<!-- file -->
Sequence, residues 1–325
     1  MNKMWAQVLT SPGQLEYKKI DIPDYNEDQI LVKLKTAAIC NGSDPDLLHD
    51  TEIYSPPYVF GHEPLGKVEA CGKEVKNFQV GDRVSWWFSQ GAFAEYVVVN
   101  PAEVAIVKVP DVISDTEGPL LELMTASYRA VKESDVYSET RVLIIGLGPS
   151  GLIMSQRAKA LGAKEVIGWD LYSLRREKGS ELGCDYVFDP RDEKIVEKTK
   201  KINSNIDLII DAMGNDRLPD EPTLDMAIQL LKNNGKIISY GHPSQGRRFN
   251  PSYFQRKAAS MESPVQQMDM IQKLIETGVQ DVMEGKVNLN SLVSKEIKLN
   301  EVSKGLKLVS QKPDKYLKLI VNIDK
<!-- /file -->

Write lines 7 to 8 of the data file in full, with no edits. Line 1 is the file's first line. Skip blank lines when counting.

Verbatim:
   251  PSYFQRKAAS MESPVQQMDM IQKLIETGVQ DVMEGKVNLN SLVSKEIKLN
   301  EVSKGLKLVS QKPDKYLKLI VNIDK